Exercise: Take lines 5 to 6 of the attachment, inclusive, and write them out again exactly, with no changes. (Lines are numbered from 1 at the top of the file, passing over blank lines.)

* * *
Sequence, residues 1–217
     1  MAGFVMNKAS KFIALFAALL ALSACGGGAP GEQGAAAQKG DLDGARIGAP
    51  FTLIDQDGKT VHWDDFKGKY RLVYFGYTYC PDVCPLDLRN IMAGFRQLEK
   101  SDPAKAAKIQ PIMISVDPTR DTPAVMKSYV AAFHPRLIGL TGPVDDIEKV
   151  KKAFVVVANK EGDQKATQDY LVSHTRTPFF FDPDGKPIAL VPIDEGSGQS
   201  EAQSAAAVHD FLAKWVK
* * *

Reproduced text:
   151  KKAFVVVANK EGDQKATQDY LVSHTRTPFF FDPDGKPIAL VPIDEGSGQS
   201  EAQSAAAVHD FLAKWVK